LONDON (Reuters) - Prime Minister David Cameron cut short his holiday to return to Britain to chair a meeting to discuss the Iraq crisis on Wednesday, but resisted calls to intervene there militarily and ruled out recalling parliament for now.
Cameron returned as Iraq’s new prime minister-designate won endorsements from uneasy mutual allies the United States and Iran. He also called on Iraqi leaders to end feuds that have let jihadists seize much of the country.
Several British lawmakers have called on Cameron to recall parliament from its summer recess to discuss Iraq, while at least two former senior military figures have said Britain should follow the U.S. lead and intervene militarily against Islamist fighters there on humanitarian grounds.
But Cameron made clear that Britain’s response would for now be limited to a humanitarian effort to help thousands of people belonging to the Yazidi religious sect who have been driven into the arid Sinjar mountain range by Sunni Muslim militants.
“We need a plan to get these people off that mountain and get them to a place of safety,” Cameron said, speaking after the meeting. “I can confirm that detailed plans are now being put in place and are underway and that Britain will play a role in delivering them.”
Cameron had been due to return from his summer holiday in Portugal on Thursday, but his office issued a statement earlier on Wednesday saying he was already back in Britain to lead the top-level government meeting.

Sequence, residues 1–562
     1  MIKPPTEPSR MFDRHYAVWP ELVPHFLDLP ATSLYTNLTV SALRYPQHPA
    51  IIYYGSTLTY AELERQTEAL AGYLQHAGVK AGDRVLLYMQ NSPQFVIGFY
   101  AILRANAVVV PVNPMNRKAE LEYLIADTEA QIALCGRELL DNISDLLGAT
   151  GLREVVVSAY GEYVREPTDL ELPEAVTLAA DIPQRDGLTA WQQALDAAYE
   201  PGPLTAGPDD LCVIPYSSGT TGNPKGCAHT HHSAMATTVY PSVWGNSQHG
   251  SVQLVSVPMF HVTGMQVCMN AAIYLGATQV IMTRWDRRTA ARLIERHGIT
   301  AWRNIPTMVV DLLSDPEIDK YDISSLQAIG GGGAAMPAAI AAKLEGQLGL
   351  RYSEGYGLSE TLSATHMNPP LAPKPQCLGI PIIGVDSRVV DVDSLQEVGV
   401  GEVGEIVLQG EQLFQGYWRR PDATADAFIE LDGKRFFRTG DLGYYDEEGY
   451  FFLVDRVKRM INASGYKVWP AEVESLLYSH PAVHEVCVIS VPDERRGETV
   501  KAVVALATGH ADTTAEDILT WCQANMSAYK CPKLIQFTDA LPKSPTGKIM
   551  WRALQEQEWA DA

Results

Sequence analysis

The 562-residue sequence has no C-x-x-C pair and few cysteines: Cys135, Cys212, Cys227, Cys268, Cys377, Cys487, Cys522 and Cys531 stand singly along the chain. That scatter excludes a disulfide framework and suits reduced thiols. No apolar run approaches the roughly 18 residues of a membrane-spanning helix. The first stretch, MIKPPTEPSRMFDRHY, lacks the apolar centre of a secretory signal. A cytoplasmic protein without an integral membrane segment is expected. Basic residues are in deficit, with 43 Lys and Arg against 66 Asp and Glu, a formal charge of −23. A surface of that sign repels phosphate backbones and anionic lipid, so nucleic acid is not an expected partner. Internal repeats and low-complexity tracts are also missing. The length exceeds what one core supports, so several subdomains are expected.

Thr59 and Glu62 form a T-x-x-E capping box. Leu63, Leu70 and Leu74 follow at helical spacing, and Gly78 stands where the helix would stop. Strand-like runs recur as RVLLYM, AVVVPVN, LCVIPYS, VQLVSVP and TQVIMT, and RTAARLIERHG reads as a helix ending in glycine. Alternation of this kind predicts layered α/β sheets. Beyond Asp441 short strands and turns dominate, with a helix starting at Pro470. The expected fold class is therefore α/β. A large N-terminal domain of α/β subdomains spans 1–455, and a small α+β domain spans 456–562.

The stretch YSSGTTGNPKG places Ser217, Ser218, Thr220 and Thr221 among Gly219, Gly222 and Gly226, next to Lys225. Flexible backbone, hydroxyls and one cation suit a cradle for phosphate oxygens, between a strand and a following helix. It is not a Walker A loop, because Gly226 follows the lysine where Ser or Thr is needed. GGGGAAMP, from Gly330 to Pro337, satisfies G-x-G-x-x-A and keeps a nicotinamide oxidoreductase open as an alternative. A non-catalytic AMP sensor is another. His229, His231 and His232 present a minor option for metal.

Cameron ruled out an immediate recall of parliament, saying it was not necessary because Britain’s involvement was humanitarian, not military. However, he said that the recall option could be exercised if the situation changed.
The last time Cameron tried to sign Britain up to potential military strikes in the Middle East, against Syria in August 2013, he lost a parliamentary vote.
The defeat was attributed in part to the bitter legacy of Britain’s involvement in the 2003 Iraq war, which did much to turn British public opinion against foreign military interventions.
Britain is already conducting aid drops from C-130 cargo planes to try to help the Yazidi refugees and has sent Tornado jets and Chinook helicopters to help the humanitarian effort.
London has also agreed to transport critical military re-supplies, such as ammunition, being provided by other nations to Kurdish forces to help them protect refugees in Iraqi Kurdistan from militants of the Islamic State (IS).
The defence ministry refused to say which countries it was helping deliver military supplies.
Editing by Stephen Addison